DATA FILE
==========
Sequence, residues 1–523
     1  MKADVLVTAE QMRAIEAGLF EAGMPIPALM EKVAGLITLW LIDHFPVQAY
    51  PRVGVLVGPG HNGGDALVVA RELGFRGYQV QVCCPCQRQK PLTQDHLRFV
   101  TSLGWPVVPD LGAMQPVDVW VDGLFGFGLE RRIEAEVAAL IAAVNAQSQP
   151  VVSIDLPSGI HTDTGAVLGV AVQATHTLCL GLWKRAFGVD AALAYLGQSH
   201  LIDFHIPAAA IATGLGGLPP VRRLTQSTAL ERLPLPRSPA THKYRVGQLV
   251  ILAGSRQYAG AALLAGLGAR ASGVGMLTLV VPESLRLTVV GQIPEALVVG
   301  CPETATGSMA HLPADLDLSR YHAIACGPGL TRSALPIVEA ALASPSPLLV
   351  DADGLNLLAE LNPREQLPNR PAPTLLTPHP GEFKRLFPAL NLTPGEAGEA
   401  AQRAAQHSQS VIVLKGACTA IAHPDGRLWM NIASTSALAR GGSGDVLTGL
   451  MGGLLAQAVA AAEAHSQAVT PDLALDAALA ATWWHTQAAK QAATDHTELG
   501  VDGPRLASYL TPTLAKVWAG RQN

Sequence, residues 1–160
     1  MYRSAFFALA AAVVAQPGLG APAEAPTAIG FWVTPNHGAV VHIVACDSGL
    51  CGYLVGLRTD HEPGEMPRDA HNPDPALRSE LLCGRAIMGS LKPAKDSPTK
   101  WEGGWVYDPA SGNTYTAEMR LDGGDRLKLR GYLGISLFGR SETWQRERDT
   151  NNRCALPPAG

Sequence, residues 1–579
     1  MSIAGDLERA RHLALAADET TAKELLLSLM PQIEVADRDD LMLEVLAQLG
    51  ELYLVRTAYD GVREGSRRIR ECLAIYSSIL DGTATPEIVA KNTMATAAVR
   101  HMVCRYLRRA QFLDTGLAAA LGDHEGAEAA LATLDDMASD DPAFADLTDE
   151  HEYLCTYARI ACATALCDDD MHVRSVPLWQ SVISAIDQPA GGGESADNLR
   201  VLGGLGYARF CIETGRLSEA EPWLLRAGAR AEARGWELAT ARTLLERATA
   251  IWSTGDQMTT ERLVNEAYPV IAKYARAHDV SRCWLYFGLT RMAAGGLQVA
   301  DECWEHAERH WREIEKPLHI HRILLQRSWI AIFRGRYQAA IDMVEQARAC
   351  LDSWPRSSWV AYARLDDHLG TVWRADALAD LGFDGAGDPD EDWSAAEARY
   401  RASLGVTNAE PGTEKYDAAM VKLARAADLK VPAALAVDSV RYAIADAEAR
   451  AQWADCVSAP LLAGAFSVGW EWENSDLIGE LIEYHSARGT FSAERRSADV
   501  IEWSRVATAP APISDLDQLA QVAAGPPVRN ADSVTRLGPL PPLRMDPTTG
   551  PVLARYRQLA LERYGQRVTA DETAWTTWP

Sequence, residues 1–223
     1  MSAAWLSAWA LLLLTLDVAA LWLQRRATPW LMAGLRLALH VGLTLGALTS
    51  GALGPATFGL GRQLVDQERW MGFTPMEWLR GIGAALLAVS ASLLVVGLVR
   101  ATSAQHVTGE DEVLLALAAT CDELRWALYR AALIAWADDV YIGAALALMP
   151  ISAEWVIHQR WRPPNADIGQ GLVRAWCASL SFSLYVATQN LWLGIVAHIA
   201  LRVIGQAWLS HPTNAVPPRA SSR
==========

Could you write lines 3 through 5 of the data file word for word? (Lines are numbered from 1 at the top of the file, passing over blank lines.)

    51  PRVGVLVGPG HNGGDALVVA RELGFRGYQV QVCCPCQRQK PLTQDHLRFV
   101  TSLGWPVVPD LGAMQPVDVW VDGLFGFGLE RRIEAEVAAL IAAVNAQSQP
   151  VVSIDLPSGI HTDTGAVLGV AVQATHTLCL GLWKRAFGVD AALAYLGQSH